Travel to the outskirts of Edinburgh and the quaint village of Swanston, nestled cozily at the feet of Caerketton Hill. This picturesque collection of thatched cottages and winding lanes was the summer home of Robert Louis Stevenson for much of the 1870s, and it was here that the famous novelist wrote one of his lesser-known works, St. Ives. (Stephenson is also alleged to have written his classic tale of adventure Treasure Island in the shade of a nearby tree, but these claims are dubious.)

Continue south until you reach the 15th century edifice of the Collegiate Chapel of St. Matthew, better known as Rosslyn Chapel, whose Gothic beauty inspired poetry from Sir Walter Scott and whose medieval origins have inspired numerous myths and legends. The most prominent of these'that the building family of Rosslyn Chapel was directly related to Jesus Christ'assumed particular popularity after the publishing of the pseudohistorical Holy Blood, Holy Grail and the bestselling-novel The Da Vinci Code.

After exploring the gorgeous and mysterious carvings that fill the castle, you'll turn to the stately beauty of Abbotsford House, the former mansion of Sir Walter Scott, cast upon a beautiful river scene and built of recaptured stone from nearby castles and manor houses under Scott's own watchful eye. A visitors center, which was built in 2012, offers a small but fascinating exhibition of Scott's life and the house's history, and the grounds of the castle are truly magnificent, from the walled gardens within the castle to the untamed wilderness beyond.

Your final stop for today is the coastal village of Wigtown, Scotland's National Book Town and one of the most charming areas in the Scottish borderlands. You can make your way through the dozen booksellers and publishers or simply stroll the darling streets of this one-of-a-kind destination.

Day 4: A Red Red Rose and the Bonnie Bonnie Banks

Today is dedicated to exploring the life, times and works of Scotland's national poet, the immortal Robert Burns, one of the most beloved writers of the English language. You begin today in the town of Ayr, formerly known as Alloway, at the Burns National Heritage Park, where you'll get a glimpse of the whitewashed, thatched-roof cottage in which he was born, an informative and engaging museum, and a beautiful and tasteful monument to Scotland's best-loved bard. Visit the nearbyBurns House, where the poet penned some of his favorite works. It has become a literary pilgrimage destination, visited by some of the best-known names in English literature, from William Wordsworth to John Keats to Samuel Taylor Coleridge.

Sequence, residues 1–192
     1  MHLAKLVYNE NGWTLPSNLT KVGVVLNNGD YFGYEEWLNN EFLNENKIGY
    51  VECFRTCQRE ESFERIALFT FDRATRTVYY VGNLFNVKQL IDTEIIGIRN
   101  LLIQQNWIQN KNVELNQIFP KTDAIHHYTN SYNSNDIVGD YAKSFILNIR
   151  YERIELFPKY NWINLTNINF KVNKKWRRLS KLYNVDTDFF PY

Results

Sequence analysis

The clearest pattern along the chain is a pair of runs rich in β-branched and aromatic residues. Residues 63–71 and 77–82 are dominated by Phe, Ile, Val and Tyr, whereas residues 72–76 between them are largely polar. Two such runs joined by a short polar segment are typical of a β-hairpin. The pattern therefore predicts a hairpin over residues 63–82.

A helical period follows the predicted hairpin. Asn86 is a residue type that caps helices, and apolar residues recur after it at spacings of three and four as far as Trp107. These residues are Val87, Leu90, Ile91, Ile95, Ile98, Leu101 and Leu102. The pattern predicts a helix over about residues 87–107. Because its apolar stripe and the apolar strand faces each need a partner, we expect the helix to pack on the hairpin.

After grabbing a quick drink at The Globe Inn, Burns's favorite watering hole and a charming Scottish pub, you'll turn north to the land of lochs and the shore of the largest lake by area in the country, the much-celebrated Loch Lomond. You can mosey past the loch's wooded shores or set out for one of the many islands that dot the water's surface before turning into the rugged stretch of country called The Trossachs. The area dazzles with its startling beauty and is known for being the home of the famous cattle rustler Rob Roy, a Scottish folk hero whose exploits have served as the inspiration for Defoe's The Highland Rogue and Scott's marvelous novel Rob Roy. The evening sees you in Glagow, where you can enjoy the many fine restaurants and cozy pubs of this, the largest city in Scotland

Day 5: The Gorgeous Countryside of Scotland